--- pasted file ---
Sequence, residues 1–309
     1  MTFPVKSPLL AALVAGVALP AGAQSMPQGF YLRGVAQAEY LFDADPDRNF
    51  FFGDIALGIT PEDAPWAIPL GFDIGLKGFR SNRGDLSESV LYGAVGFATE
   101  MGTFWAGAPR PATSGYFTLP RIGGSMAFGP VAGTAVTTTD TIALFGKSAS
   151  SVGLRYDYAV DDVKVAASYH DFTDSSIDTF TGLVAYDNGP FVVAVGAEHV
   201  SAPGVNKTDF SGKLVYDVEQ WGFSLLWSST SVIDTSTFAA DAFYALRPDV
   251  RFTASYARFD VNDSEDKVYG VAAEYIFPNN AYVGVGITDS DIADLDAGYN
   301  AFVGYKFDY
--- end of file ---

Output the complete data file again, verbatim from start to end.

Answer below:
Sequence, residues 1–309
     1  MTFPVKSPLL AALVAGVALP AGAQSMPQGF YLRGVAQAEY LFDADPDRNF
    51  FFGDIALGIT PEDAPWAIPL GFDIGLKGFR SNRGDLSESV LYGAVGFATE
   101  MGTFWAGAPR PATSGYFTLP RIGGSMAFGP VAGTAVTTTD TIALFGKSAS
   151  SVGLRYDYAV DDVKVAASYH DFTDSSIDTF TGLVAYDNGP FVVAVGAEHV
   201  SAPGVNKTDF SGKLVYDVEQ WGFSLLWSST SVIDTSTFAA DAFYALRPDV
   251  RFTASYARFD VNDSEDKVYG VAAEYIFPNN AYVGVGITDS DIADLDAGYN
   301  AFVGYKFDY